Saturday, October 2, 2010

Party time!

Greetings from Oconahua. I hope everyone had a great feast day for the Angel Michael on Wednesday. We certainly celebrated it in style around here! My mom timed her trip perfectly and arrived in Guadalajara on Tuesday evening. After spending the night there, we headed back to Oconahua to take our naps to get ready for the evening’s fun.

We arrived at the plaza at about 9pm in order to find some food for dinner and find a spot to sit for the evening. Seating is at a premium when there are a few curb areas and a few benches and hundreds of people milling around hoping for a place to rest for a while. We ended up getting the last available curb space with a partial view of the plaza. We dined on treats like tacos, hot dogs, hot cakes, and churros from the various vendors at the festival. We also made a trip up to the church where we got to see the remains of a “carpet” made of colored sawdust that had been created outside the church and saw the crowds of people inside waiting for their turn to approach the town’s patron saint statue for their blessing.

The musical entertainment for the evening was a group of young people performing some banda music followed by a professional banda group to entertain us for the rest of the evening. We spent the evening listening to music and waiting around for the night’s main attraction—the castillo. They were still building this framework tower with fireworks attached to it when we arrived, and it wasn’t set off until 1am. The fireworks are set off right in the plaza, so the crowd occasionally gets to try to dodge stray ones that fly their direction or brush off the embers of ones that have fallen from the sky. It certainly keeps you on its toes! After that, we hit the candy booth to pick up several types of dried fruits and headed home for the night. The party kept on going without us, though. When I woke up at 5:30, there was still music coming from the plaza.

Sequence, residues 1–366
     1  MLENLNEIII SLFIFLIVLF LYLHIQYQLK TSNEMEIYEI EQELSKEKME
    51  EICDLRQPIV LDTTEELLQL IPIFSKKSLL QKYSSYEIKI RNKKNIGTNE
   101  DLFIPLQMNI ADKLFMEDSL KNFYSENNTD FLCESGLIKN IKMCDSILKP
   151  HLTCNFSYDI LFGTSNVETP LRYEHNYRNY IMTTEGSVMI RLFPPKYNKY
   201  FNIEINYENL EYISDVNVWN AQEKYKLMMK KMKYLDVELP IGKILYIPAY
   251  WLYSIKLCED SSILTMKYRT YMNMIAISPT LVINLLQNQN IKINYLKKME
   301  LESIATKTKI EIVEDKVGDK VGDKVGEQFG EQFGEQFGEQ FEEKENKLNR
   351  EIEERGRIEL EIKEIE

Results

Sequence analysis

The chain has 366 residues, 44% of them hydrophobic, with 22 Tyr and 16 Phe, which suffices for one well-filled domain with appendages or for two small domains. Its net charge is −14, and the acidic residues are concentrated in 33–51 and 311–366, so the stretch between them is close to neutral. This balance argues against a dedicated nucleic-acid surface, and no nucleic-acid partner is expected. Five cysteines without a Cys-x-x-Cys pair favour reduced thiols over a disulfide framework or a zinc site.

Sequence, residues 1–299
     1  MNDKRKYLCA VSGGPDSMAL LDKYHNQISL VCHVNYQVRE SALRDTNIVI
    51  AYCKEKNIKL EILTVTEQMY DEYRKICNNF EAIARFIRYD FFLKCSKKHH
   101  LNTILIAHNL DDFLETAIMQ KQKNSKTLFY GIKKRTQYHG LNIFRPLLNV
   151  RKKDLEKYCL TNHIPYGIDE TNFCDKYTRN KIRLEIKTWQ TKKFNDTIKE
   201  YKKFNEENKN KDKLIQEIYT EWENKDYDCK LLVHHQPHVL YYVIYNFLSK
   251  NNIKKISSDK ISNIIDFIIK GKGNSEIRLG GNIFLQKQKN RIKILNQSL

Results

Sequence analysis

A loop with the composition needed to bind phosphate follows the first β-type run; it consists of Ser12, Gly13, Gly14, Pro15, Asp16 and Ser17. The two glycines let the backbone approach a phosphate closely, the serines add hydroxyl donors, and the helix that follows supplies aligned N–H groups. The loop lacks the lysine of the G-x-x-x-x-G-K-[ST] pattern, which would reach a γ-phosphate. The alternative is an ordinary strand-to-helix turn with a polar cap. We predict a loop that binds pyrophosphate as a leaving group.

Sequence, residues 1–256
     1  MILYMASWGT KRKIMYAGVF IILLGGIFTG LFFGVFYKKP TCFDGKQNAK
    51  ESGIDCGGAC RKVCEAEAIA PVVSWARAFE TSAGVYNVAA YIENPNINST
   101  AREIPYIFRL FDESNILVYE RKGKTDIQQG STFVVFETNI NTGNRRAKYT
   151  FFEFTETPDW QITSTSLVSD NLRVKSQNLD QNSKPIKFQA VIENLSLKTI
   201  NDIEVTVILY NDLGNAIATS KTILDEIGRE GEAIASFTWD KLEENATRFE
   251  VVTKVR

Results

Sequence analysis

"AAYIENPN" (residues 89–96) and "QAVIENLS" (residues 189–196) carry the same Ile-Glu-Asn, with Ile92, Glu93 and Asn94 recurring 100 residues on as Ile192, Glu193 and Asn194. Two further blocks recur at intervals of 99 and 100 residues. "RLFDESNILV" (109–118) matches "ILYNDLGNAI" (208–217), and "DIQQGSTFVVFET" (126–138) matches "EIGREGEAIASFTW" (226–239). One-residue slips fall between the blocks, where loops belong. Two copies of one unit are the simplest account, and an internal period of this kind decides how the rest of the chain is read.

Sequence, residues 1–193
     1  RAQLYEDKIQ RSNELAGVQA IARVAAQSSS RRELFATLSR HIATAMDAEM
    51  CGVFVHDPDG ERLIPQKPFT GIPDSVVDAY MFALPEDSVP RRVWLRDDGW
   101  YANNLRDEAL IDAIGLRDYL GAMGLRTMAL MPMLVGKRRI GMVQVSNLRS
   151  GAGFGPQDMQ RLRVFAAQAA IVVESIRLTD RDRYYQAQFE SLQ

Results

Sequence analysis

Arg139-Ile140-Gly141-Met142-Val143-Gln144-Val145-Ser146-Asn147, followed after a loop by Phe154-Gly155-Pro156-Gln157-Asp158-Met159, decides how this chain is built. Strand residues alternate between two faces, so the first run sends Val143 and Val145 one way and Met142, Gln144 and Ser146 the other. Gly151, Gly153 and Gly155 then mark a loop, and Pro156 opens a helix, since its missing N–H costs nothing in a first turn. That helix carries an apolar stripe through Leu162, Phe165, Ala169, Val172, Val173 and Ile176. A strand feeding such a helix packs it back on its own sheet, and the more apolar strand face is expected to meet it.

My photos this week are from the festival. One is of my mom eating a hot cake—she got hers with honey on top, while mine had cajeta (caramel sauce). The other photo is of the most impressive part of the castillo lighting. You can’t see it very clearly, but it has text asking for a blessing from the saint, the year, a picture of an angel, and a few other details.